Hi Suzzane, thank you for sharing the info! I am an Indian with priority date September 2016. Do you think I will be able to get my conditional GC by October or November 2019? I have not received approval yet but my legal team says currently my case just got assigned to one of the officers.

    • kishore says:

      you will be fine. you should get GC this year once 526 is approved

    • S R says:

      Shim, Glad to see progress on your case. Would you mind sharing the tips on How are you getting the progress updates on your case….. “my legal team says currently my case just got assigned”…. We are in the same bucket but we are completely blind-sighted… Is there a trick to getting to know the internal office view other than the robotic responses “under processing”… Appreciate if you can share anything that might help us all…

  10. TEMPORARY WORKER (H) says:

    Hi Suzzane, Great Article as always, I applied for AOS on Feb-13th 2019 and did my finger prints on March 28th, got my EAD/AP on April 4th, what are my chances of getting CGC ( Indian Born) ??

  11. How are Direct Investor EB-5 seekers from Nigeria and Pakistan effected by the quotas and backlogs.?

    • People born in Nigeria and Pakistan aren’t affected at all by backlogs until EB-5 becomes so popular in those countries that demand exceeds the annual per-country quota of about 700. There’s some risk that could happen when annual I-526 filings exceed about 200 per year, but historically Nigeria and Pakistan have had fewer than 100 (and usually, fewer than 50) I-526 filed per year.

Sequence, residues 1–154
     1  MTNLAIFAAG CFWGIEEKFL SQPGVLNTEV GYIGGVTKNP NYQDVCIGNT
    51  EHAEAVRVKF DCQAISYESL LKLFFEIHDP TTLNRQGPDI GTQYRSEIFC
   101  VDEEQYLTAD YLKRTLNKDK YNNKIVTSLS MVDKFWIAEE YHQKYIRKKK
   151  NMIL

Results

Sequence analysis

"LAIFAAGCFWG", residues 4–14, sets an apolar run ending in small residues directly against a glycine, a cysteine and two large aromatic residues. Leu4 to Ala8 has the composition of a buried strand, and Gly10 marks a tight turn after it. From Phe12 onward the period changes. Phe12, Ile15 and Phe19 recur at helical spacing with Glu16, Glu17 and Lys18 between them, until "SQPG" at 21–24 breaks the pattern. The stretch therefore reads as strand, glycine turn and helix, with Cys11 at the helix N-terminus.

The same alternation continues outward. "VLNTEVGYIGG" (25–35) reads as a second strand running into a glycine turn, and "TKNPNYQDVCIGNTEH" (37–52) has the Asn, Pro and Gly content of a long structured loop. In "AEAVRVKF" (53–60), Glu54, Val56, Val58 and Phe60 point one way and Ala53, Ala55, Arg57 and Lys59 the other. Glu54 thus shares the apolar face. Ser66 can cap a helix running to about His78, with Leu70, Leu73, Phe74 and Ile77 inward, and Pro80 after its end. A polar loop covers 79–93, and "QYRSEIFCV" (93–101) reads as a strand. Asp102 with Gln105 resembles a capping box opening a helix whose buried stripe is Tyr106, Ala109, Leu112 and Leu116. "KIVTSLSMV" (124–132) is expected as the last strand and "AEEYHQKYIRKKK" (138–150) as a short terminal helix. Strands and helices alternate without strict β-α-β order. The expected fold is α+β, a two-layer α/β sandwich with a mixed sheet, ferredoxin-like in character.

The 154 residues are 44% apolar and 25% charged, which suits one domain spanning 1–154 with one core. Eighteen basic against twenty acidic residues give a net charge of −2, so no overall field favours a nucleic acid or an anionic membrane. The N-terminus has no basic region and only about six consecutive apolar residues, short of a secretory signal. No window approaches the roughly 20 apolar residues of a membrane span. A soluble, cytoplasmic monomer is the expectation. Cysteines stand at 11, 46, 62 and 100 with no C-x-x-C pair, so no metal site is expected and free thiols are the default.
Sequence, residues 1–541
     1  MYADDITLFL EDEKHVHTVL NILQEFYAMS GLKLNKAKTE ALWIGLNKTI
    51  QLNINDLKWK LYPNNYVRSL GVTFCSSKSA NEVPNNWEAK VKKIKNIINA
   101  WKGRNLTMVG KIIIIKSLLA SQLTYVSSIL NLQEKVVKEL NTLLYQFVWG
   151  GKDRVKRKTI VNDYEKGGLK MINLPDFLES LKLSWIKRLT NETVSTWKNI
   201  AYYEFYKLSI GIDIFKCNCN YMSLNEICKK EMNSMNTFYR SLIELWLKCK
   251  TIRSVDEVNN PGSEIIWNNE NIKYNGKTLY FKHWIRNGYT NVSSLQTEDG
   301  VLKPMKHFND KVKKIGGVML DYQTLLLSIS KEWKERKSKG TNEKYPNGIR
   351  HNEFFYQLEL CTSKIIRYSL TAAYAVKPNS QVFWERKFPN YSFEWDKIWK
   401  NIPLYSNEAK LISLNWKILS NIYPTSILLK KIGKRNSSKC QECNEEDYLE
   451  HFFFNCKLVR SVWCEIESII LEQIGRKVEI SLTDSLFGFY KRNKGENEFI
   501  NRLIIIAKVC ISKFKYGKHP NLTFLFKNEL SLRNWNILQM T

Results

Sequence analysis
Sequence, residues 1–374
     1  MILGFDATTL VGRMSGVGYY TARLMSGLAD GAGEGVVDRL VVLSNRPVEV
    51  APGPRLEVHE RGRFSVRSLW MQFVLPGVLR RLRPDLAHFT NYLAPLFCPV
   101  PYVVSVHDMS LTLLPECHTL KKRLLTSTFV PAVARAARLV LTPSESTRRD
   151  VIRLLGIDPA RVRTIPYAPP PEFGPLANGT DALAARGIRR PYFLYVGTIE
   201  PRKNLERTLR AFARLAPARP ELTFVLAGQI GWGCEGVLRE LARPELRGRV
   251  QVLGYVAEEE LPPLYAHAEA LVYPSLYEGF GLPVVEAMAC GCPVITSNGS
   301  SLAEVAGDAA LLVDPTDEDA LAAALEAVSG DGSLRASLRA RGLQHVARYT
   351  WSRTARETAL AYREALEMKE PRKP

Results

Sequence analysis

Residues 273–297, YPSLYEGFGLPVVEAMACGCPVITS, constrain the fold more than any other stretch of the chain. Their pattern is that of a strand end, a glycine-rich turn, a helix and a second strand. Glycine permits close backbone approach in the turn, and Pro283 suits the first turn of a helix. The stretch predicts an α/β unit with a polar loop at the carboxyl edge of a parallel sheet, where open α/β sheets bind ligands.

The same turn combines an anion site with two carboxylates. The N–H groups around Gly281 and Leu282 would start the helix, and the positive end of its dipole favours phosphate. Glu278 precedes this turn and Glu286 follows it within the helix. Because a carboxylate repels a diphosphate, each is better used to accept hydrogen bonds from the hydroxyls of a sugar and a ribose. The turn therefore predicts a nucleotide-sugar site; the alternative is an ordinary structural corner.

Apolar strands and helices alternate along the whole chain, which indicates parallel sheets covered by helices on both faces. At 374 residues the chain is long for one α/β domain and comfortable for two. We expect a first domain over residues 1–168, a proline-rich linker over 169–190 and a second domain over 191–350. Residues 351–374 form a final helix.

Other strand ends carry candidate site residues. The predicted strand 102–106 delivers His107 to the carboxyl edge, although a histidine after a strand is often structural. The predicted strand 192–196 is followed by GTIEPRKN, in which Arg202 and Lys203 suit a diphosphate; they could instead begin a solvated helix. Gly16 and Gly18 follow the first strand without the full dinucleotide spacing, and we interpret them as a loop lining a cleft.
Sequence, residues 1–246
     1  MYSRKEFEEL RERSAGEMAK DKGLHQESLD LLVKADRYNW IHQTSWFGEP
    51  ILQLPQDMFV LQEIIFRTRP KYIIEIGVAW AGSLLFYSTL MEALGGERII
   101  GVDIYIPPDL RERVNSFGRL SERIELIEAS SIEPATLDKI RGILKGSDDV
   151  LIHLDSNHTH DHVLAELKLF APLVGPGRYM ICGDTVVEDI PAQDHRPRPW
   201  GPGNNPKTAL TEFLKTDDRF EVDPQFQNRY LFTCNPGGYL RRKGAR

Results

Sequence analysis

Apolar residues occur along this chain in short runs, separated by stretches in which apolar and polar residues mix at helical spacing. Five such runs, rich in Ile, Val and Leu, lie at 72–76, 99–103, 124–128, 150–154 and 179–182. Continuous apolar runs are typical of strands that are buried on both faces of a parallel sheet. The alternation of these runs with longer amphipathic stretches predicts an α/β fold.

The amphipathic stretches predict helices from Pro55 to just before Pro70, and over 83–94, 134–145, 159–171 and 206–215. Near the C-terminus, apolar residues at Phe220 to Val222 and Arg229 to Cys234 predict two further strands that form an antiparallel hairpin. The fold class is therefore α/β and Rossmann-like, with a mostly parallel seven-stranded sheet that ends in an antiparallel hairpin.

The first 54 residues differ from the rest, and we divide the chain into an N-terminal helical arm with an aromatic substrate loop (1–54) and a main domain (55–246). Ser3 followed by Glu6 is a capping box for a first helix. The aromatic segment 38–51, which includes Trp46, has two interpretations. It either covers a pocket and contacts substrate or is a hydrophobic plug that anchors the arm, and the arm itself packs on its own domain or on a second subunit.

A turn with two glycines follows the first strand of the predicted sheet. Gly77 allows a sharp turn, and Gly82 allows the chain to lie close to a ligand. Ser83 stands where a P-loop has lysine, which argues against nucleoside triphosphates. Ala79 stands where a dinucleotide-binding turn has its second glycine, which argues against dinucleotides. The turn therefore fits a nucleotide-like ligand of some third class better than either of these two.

12. Sam says:

    Hi Suzanne, I filled my I-526 in October 2017, and I’m from the UK. I invested with a RC and recently heard from my lawyer that the project I invested in hasn’t had any movement from USCIS yet. When could I expect to receive I-526 approval?

  13. Corrine says:

    Hi,suzanne, I remember you said that you lived in Beijing for a while and understood Chinese, so I won’t translate it. Please read this article when you have time.

    This article is an analysis of Charlie’s question about the backdating of Chinese visa for 16 years and is made by the most professional practitioners in the eb-5 industry in China.